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We are not Alone in Our Body: Insights into the Involvement of Microbiota in the Etiopathogenesis and Pharmacology of Mental Illness

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Background: The etiopathogenesis of psychiatric disorders is still not completely understood. Growing evidence supports the hypothesis that mental illness and related disturbances do not necessarily originate in the brain. Inflammation has been suggested to play a central role in psychiatric disorders and altered levels of peripheral cytokines have been reported in several studies. Recently, it has emerged that bacteria populating the human gut could modulate low-grade inflammation, as well as high-order brain functions, including mood and behavior. These bacteria constitute the microbiota, a large population comprising 40,000 bacterial species and 1,800 phila involved in key processes important to maintain body homeostasis.

Method: In this review, we present and discuss studies exploring the role of dysbiosis and products of the gutmicrobiota in the pathogenesis of psychiatric disorders, as well as their potential involvement in mediating the effect of antidepressants, mood stabilizers, and antipsychotics.

Results: Although this field is still at its early stage of development, a growing number of studies suggest that an altered composition of the gut microbiota, together with translocation of bacterial products into the systemic circulation, might play a role in the pathogenesis of psychiatric disorders as well as in response to psychotropic medications.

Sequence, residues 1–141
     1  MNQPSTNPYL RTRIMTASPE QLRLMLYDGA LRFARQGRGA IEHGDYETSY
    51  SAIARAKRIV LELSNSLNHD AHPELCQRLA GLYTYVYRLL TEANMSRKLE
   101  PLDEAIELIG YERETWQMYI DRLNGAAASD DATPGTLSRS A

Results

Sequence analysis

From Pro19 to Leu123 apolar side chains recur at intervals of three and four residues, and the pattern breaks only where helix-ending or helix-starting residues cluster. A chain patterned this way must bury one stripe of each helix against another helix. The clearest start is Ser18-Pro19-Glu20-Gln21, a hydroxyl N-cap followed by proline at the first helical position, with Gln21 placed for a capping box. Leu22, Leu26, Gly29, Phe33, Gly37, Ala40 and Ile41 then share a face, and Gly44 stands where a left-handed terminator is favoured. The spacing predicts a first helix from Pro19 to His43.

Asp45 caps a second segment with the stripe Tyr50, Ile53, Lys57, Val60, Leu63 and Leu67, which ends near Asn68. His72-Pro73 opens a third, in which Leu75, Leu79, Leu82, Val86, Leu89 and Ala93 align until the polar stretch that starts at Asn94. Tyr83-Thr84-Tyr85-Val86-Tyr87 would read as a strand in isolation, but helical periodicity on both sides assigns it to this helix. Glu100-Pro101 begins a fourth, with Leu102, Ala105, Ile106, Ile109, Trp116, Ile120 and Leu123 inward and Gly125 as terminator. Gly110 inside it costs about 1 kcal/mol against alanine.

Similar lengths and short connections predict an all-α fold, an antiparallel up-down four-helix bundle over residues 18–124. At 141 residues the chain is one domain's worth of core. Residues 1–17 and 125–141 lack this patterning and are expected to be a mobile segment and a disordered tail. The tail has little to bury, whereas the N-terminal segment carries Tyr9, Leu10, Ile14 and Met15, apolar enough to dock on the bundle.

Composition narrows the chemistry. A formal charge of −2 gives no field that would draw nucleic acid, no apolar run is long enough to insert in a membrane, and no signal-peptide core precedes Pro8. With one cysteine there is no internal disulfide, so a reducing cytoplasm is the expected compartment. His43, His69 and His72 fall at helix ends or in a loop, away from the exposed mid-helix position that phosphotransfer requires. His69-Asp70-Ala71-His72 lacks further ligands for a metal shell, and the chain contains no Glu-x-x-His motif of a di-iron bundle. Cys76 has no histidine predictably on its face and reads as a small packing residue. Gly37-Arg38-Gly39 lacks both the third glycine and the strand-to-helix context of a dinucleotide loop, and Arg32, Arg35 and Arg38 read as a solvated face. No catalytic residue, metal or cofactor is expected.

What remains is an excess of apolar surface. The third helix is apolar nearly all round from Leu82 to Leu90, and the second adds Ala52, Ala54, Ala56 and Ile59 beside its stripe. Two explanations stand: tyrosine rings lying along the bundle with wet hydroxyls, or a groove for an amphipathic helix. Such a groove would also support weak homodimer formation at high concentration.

Conclusion: An altered composition and functioning of gut microbiota have been reported in psychiatric disorders, and recent findings suggest that gut bacteria could be involved in modulating the efficacy of psychotropic medications.
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Keywords: Microbiota; antidepressants; antipsychotics; bipolar disorder; gut-brain axis; major depressive disorder; microbiome; mood stabilizers

Document Type: Review Article

Publication date: July 1, 2018

This article was made available online on January 8, 2018 as a Fast Track article with title: "We are not Alone in Our Body: Insights into the Involvement of Microbiota in the Etiopathogenesis and Pharmacology of Mental Illness".

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  • Current Drug Metabolism aims to cover all the latest and outstanding developments in drug metabolism and disposition. The journal serves as an international forum for the publication of timely reviews in drug metabolism. Current Drug Metabolism is an essential journal for academic, clinical, government and pharmaceutical scientists who wish to be kept informed and up-to-date with the latest and most important developments. The journal covers the following areas:

    In vitro systems including CYP-450; enzyme induction and inhibition; drug-drug interactions and enzyme kinetics; pharmacokinetics, toxicokinetics, species scaling and extrapolations; P-glycoprotein and transport carriers; target organ toxicity and interindividual variability; drug metabolism and disposition studies; extrahepatic metabolism; phase I and phase II metabolism; recent developments for the identification of drug metabolites and adducts.
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